The perception we have of 2006 as a bad year — especially for all those big production home builders now fighting excess inventories, cancelled sales and balky buyers in 2007 — doesn't stand up to close scrutiny of the actual year-end numbers reported by the Top 25 Housing Giants. For example, the average gross profit margin reported by the Top 25 in Professional Builder's Giant 400 survey was 23.32 percent for 2006. While that's down more than four full percentage points from the previous year, it's still a full point better than 2002, which was regarded — at the time — as a very good year for housing.
Of course, most of those margin points were racked up in the first half of 2006, when builders were still sucking the froth left over from 2005 pricing power. The trend line headed straight downhill in most markets during the second half of the year. Still, when the smoke clears at the end of this decade, we may see 2003 to 2006 as the anomaly and 2007 as a painful year of correction for the excesses of the Roaring 2000s in the middle. The trouble with those go-go years — when housing investors drove up prices to unsustainable levels in many markets — is that much of the home building industry believed they were looking at reality when what they really saw was a mirage.
With prices retreating, investors gone and demand setting to a lower baseline, the largest home builders may have no choice but to shrink in size.
2006 seemed like a bad year for big builders mostly because the trend line tilted in the wrong direction -- but it might turn out to be just correction to sustainable levels of production.
Those prices weren't real, and neither were the growth rates and margins of the largest builders, both public and private. And it wasn't just builders who got hooked on that mirage. Trades, product manufacturers and land sellers all benefited from the housing price run-ups, and they will balk at giving back their gains every bit as much as builders and their shareholders. But that's what the market seems to be saying has to happen. Check out the charts and graphs on these pages, showing Top 25 closings, revenues, market share and gross margins. We're showing five years of data because we think the numbers from 2002 may be in the general vicinity of where we're heading. But builders will have to get their costs back down to find margins at lower prices.Smaller Companies?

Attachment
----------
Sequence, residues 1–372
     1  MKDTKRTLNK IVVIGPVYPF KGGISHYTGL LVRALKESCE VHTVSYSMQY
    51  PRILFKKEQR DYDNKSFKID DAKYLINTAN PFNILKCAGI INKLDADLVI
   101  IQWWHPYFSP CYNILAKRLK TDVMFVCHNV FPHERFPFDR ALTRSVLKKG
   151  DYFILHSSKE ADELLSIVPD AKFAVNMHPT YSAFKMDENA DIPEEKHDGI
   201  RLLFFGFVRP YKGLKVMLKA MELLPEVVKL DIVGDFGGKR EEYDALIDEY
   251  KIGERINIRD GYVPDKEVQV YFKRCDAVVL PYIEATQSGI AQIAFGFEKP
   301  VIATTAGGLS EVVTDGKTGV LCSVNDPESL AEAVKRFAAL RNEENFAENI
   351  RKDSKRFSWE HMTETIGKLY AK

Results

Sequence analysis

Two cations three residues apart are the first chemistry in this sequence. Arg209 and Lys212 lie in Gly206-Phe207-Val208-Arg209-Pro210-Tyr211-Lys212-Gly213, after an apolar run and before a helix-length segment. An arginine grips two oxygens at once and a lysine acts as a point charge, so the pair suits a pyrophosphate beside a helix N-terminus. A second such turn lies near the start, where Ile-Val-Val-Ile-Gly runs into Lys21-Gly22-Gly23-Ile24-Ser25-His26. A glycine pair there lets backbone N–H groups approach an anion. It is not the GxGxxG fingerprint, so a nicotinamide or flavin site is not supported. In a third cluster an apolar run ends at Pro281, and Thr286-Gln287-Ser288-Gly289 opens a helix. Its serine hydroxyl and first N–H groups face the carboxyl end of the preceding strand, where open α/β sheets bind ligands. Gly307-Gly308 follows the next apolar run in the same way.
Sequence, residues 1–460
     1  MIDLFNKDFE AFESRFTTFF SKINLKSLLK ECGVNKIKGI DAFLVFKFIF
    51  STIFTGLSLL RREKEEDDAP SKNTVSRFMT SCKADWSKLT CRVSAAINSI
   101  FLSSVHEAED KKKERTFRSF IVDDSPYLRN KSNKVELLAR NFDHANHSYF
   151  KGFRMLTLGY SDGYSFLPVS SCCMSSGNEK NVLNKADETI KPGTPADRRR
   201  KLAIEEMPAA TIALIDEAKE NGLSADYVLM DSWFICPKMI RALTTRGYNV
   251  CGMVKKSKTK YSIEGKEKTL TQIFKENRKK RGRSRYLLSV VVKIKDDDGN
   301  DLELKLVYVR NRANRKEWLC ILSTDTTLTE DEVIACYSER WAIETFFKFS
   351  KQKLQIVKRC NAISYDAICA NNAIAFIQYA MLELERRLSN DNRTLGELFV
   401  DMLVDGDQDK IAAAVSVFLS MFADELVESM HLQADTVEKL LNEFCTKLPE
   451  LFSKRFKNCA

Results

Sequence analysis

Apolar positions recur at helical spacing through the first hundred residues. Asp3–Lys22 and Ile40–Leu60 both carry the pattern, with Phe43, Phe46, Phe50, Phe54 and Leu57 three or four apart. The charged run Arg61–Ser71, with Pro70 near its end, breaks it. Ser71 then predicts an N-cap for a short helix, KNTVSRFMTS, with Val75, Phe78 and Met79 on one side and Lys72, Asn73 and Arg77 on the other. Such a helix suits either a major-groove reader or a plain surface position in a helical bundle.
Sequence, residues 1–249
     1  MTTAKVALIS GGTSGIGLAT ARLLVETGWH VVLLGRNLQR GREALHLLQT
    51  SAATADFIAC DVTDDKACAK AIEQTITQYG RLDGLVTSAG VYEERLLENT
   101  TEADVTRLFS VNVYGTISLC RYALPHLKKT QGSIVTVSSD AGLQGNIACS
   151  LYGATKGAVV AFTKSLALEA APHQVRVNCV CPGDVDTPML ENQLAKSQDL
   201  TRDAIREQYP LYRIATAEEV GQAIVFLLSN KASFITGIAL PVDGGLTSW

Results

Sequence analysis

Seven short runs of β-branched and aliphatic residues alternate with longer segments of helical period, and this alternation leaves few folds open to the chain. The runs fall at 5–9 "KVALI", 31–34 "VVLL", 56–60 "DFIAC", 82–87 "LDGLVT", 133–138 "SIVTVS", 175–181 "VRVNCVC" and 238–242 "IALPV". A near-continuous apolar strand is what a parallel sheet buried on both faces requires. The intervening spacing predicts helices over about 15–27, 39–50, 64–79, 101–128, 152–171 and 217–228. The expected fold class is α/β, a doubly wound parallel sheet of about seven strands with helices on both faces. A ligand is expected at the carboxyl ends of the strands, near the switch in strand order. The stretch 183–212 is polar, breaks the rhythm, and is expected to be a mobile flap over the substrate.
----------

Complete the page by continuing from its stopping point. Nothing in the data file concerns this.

Wall Street housing stock analyst Ivy Zelman of Credit Suisse says No. 1 ranked giant Lennar Corp. and No. 7 NVR are doing the best jobs of managing their way through the current housing slowdown that began in 2006, but she believes all of the public companies will have to shrink to survive. "Lennar is slashing and burning inventories to keep utilizations up," Zelman says. "That's what they need to do: stay balance sheet focused. And NVR is set up to survive cycles. They don't have any land and their machine is the most efficient. They have the highest quality of operations. Land is not wine," says Zelman. "It does not get better with age."
She believes the majority of public builders will be losing money by the end of this year. "They have to shrink. If they did 40,000 closings last year, you can bet they'll be shooting for 20,000 to 25,000 this year. They will close some divisions, consolidate others and reduce head counts drastically. (Florida-based public Giant Technical Olympic USA just sold its Newmark Homes division in Dallas/Ft. Worth to Arlington, Texas-based private builder Steve Wall. See page 42.) They're going to have to be very aggressive on reducing their footprints. The top builder in the Giant 400 next year will have a lot fewer closings. It could be half.
"This is all about price," Zelman reasons. "If prices stabilize, we could see traffic pick up. But we think prices have to correct another 10 percent before that happens. There's still room for more correction before they get to the level of affordability that will move the market.